The ride to Castel del Piano was roughly an hour and a half through the winding roads of beautiful Tuscany.   In this area, there is no light.  No street lamps to guide you along the hills through the night, but the massive harvest moon cut through the darkness and instantly became the spectacle of the evening.  All I could do was stare at it and enjoy its radiant orange and yellow colours, in fact just looking at it took my mind off of the car sickness I endured throughout the trip.  

During the ride, I thought about my family and just how much I wanted to speak to someone back home in Victoria.  I thought of my parents and my siblings and I just wanted dial a number and just talk to someone.  At that point, I became nervous about picking olives the very next day and staying in a home with complete strangers.  

I arrived in Castel del Piano and as promised, Amanda was waiting for me at the bus stop.   I instantly felt comfortable with her which deleted some of my nervousness.  

As we pulled into her home, I met her husband Gordon and daughter Rosie who were waiting for my arrival.  I sensed right away that I would feel comfortable amongst them as they emanated a friendly presence in their souls.   

Amanda led me into the kitchen and sat me down to enjoy some supper.  Moments later, I was greeted by a young couple who had been picking olives for the past week named Jaime and Wyatt.  They had a certain accent to their voices which sounded all to familiar to me when I spoke to them.  Somehow their voices seem to resonate with me.

“Should I tell him or should you?” said Amanda to Jaime while fixing me a plate of food at the dinner table.

“You can tell him!” said Jaime happily.

“Jaime and Wyatt are from Canada.” smirked Amanda.   My jaw instantly froze from chewing on some chicken.  That answers the familiar accent in their voices, I thought.

“Really?” I said happily.  “Where are you from, Vancouver?” I said taking a stab in the dark.

“No, much closer to your home.” said Amanda.   

“We’re from Victoria!” said Jaime.


I refrained from calling my family at home that night.  There was so much to talk about our home, with my two new friends. Volunteer your time around the world!

Copyright Antony S Scandale 2011

Thursday, November 17, 2011

Little Skater Girl

They were pink in colour and un-securely strapped to her feet as all 8 wheels spun to a stop.   She huffed a semi frustrated sigh, but a small inkling of confidence emanated from her aura.  She struggled to pick herself up, trying desperately to cement her rolling foot into the ground beneath her.  Once again, she fell on her back side and this time, she sat helplessly staring up towards her mother asking for help.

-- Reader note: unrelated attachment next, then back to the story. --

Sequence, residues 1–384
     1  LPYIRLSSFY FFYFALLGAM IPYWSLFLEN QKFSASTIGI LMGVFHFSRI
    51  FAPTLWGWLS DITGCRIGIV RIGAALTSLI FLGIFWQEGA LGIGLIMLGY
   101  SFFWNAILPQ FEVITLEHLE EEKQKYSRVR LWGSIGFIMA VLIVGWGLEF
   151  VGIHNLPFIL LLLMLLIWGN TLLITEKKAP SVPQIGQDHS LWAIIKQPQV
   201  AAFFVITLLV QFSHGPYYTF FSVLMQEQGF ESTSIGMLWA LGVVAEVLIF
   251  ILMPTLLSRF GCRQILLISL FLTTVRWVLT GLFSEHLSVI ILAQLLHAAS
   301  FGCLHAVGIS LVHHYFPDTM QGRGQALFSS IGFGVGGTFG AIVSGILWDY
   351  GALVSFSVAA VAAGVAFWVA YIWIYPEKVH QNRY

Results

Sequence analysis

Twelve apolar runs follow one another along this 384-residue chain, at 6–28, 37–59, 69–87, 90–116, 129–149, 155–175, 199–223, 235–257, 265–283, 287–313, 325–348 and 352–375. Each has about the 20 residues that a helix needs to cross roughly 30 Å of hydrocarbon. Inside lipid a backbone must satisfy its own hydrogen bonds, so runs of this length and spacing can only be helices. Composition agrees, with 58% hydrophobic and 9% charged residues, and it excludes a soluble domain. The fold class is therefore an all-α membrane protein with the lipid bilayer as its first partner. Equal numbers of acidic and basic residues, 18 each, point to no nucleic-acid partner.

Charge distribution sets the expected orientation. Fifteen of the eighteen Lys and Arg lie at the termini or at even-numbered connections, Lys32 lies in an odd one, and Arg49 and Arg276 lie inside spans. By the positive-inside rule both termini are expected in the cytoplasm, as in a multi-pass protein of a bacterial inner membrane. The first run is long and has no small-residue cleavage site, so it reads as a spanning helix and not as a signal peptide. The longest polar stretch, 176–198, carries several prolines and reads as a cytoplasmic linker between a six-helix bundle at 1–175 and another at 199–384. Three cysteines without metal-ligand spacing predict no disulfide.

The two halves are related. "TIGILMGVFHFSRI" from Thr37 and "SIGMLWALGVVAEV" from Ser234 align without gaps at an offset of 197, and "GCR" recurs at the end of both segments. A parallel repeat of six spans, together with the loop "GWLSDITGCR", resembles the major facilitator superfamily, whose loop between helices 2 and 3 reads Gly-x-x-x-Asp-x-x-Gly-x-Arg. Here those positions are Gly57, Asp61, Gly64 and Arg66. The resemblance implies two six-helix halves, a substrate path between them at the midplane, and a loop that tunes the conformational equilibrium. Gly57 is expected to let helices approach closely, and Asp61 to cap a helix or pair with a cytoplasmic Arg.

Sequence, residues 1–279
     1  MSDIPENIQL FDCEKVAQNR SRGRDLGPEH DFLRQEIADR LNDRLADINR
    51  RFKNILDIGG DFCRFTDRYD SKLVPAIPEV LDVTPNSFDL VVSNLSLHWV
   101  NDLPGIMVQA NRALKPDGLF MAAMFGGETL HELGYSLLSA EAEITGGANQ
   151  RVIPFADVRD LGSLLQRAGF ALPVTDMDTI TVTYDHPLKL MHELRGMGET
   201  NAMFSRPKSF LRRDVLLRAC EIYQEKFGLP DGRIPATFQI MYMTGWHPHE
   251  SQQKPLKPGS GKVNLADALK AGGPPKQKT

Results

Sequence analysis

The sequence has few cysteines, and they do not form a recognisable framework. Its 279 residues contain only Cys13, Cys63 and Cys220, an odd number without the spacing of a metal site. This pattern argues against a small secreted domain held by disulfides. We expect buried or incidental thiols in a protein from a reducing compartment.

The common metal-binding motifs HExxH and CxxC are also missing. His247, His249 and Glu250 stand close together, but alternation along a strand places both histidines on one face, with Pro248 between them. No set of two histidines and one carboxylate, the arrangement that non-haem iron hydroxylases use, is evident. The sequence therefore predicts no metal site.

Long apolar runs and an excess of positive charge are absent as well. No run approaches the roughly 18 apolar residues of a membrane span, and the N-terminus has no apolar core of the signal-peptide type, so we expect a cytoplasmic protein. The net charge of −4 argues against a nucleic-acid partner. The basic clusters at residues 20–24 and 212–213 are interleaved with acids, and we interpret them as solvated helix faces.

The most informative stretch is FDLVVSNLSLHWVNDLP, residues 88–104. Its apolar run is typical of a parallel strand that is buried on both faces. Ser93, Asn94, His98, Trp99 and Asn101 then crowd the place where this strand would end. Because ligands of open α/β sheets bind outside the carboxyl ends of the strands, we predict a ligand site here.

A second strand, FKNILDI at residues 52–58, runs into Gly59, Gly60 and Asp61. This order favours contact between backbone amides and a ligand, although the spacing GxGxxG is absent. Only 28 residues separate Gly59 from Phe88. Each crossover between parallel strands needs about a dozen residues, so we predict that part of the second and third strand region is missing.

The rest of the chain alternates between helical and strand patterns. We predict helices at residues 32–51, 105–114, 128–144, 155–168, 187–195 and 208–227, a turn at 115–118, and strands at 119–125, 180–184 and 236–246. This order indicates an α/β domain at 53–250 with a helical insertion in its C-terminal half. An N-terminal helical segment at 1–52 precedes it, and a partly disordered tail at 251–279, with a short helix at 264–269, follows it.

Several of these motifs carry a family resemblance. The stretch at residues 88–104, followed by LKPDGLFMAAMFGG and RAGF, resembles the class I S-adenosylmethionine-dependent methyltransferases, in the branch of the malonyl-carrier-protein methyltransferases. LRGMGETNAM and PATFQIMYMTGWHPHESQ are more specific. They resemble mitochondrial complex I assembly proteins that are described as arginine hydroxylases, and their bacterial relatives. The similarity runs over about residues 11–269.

The look she gave to her mother was one of which I have seen so many times.  Once again, my teaching instincts kicked in and I wanted help her try...just one more time.

"Hi, I can help her."  I said to the mother assuming that she could understand English.

The mother panned her head to the left to respond to me.

"I teach skating lessons in Canada, I can help your daughter skate."
"Ah, ok! He is going to help you skate!" she said to her girl in Italian.

I took a knee in front of her to get at eye level. 

"Ciao bella.  Mi chiamo Antony, e tu?"
"Fragola."  she responded gnawing at her index finger, staring down at her skates.
"Molto piacere, Fragola. Quante anni hai?"
"Quatro".  she said.  

I quickly adjusted her skates by fastening the buckles and made sure that her pads were correctly placed at the centre of each knee.  I then picked her up and had her stay in one position.  She fumbled a bit to find her balance but soon she was able to freeze in one spot. 

"Guardami e fare cosi." I said slowly.   

I told her to keep her knees bent and to keep her arms straight.  I began to march in one spot and she happily mimicked me.  After marching in the same position for 3 minutes, I had her try to touch her toes without falling.  She did as she was told and I had her count to three.

"Uno, due, tre!" she said.
"Brava...e poi alza. Vieni qua."

She stood up and trotted slowly towards me hobbling along the way.  I tried to keep her eyes focused on my chest.  Slowly, slowly she began to improve slightly as she skated across the smooth brick ground. By this point I handed my camera to her mother to document the her skating.

After the lesson her mother talked to me.